Early detection of mechanical damage in mango using NIR hyperspectral images and machine learning
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AutorVelez Rivera, Nayeli; Gomez-Sanchis, Juan; Chanona-Perez, Jorge; Jose Carrasco, Juan; Millan-Giralolo, Monica; Lorente, Delia; Cubero, Sergio; Blasco, José
Cita bibliográficaVelez Rivera, Nayeli, Gomez-Sanchis, J., Chanona-Perez, J., J. Carrasco, J., Millan-Giralolo, Monica, Lorente, Delia, Cubero, Sergio, Blasco, J. (2014). Early detection of mechanical damage in mango using NIR hyperspectral images and machine learning. Biosystems Engineering, 122, 91-98.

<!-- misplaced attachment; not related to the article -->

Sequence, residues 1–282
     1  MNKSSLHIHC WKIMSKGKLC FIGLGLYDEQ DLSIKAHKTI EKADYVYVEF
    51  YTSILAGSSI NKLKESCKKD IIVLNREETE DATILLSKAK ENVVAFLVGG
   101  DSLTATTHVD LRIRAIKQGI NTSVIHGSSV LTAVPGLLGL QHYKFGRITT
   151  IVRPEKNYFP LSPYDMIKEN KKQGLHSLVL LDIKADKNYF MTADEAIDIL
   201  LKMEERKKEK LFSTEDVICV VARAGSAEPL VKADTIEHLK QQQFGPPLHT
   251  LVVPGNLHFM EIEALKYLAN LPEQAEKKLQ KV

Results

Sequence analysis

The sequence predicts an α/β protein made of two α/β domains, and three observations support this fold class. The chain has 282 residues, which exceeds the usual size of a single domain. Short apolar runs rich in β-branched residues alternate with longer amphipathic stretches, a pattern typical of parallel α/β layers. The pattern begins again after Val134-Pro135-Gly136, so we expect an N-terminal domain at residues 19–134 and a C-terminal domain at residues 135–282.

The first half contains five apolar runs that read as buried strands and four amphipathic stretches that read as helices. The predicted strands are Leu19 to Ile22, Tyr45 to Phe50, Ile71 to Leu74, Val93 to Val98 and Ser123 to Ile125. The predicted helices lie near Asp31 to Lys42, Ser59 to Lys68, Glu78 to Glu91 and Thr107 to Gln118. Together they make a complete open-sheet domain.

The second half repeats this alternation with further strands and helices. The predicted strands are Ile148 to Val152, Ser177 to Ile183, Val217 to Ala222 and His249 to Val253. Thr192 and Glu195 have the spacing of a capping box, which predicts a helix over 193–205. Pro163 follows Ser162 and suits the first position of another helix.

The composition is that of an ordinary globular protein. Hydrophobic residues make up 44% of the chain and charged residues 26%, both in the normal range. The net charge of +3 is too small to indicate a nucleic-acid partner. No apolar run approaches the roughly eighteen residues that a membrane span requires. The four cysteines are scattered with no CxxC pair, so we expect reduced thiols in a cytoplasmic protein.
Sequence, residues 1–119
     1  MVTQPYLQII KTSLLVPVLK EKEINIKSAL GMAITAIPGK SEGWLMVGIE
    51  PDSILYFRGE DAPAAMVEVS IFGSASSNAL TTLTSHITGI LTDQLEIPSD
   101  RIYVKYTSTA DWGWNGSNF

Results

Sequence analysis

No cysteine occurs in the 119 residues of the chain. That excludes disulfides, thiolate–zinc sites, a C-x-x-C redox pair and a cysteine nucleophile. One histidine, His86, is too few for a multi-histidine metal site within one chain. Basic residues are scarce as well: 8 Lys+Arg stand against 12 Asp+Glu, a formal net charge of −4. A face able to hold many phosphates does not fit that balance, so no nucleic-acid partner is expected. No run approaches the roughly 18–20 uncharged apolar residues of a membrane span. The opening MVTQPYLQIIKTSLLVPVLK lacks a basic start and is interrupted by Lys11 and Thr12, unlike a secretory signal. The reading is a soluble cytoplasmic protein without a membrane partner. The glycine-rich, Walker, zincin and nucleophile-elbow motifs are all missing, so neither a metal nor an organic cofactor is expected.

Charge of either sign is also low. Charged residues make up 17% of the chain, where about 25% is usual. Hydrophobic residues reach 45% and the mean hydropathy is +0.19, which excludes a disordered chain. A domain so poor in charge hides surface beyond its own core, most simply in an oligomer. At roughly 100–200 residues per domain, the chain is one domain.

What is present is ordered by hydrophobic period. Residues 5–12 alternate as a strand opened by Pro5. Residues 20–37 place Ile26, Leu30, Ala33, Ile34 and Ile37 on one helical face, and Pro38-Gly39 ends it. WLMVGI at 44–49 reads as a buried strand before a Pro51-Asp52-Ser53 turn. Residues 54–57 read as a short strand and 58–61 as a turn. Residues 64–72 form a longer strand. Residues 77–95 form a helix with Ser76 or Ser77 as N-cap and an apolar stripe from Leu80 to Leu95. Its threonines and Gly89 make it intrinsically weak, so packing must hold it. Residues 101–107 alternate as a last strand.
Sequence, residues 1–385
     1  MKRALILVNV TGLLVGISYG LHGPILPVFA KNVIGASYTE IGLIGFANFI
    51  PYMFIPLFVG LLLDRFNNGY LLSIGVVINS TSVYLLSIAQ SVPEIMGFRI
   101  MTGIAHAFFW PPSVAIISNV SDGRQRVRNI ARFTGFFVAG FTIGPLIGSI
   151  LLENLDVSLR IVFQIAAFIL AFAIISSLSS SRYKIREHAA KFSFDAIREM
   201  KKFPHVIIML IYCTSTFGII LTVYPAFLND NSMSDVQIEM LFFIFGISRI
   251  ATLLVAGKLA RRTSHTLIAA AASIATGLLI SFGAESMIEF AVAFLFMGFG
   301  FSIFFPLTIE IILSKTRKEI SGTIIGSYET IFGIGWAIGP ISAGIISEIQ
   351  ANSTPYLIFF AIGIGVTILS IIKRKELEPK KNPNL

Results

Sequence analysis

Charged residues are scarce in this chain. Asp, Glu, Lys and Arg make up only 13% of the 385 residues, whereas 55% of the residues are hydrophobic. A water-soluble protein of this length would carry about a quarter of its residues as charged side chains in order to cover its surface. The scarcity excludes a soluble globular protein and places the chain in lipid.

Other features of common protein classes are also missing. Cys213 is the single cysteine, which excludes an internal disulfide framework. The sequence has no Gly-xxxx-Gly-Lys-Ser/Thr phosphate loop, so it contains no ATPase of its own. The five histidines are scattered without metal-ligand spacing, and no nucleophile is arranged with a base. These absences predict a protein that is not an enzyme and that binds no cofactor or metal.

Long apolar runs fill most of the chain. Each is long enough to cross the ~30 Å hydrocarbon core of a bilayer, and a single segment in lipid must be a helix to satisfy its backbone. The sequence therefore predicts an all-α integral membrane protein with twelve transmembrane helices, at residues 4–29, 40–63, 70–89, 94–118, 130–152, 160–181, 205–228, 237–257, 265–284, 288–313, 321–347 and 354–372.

Mango fruit are sensitive and can easily develop brown spots after suffering mechanical stress during postharvest handling, transport and marketing. The manual inspection of this fruit used today cannot detect the damage in very early stages of maturity and to date no automatic tool capable of such detection has been developed, since current systems based on machine vision only detect very visible damage. The application of hyperspectral imaging to the postharvest quality inspection of fruit is relatively recent and research is still underway to find a method of estimating internal properties or detecting invisible damage. This work describes a new system to evaluate mechanically induced damage in the pericarp of 'Manila' mangos at different stages of ripeness based on the analysis of hyperspectral images. Images of damaged and intact areas of mangos were acquired in the range 650-1100 nm using a hyperspectral computer vision system and then analysed to select the most discriminating wavelengths for distinguishing and classifying the two zones. Eleven feature-selection methods were used and compared to determine the wavelengths, while another five classification methods were used to segment the resulting multispectral images and classify the skin of the mangos as sound or damaged. A 97.9% rate of correct classification of pixels was achieved on the third day after the damage had been caused using k-Nearest Neighbours and the whole spectra and the figure dropped to 91.4% when only the most discriminant bands were used. (C) 2014 IAgrE. Published by Elsevier Ltd. All rights reserved.